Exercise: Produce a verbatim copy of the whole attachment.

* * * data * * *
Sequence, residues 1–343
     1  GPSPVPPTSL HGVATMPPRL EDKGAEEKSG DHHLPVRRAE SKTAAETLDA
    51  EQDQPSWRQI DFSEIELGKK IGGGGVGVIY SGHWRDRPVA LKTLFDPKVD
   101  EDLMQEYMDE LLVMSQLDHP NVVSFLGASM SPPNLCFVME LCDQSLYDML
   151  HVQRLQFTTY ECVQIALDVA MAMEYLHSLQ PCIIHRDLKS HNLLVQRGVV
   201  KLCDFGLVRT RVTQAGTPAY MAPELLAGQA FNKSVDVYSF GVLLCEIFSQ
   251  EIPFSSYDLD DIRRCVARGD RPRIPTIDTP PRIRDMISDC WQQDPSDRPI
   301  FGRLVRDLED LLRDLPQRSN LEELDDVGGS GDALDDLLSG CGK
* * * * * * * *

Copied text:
Sequence, residues 1–343
     1  GPSPVPPTSL HGVATMPPRL EDKGAEEKSG DHHLPVRRAE SKTAAETLDA
    51  EQDQPSWRQI DFSEIELGKK IGGGGVGVIY SGHWRDRPVA LKTLFDPKVD
   101  EDLMQEYMDE LLVMSQLDHP NVVSFLGASM SPPNLCFVME LCDQSLYDML
   151  HVQRLQFTTY ECVQIALDVA MAMEYLHSLQ PCIIHRDLKS HNLLVQRGVV
   201  KLCDFGLVRT RVTQAGTPAY MAPELLAGQA FNKSVDVYSF GVLLCEIFSQ
   251  EIPFSSYDLD DIRRCVARGD RPRIPTIDTP PRIRDMISDC WQQDPSDRPI
   301  FGRLVRDLED LLRDLPQRSN LEELDDVGGS GDALDDLLSG CGK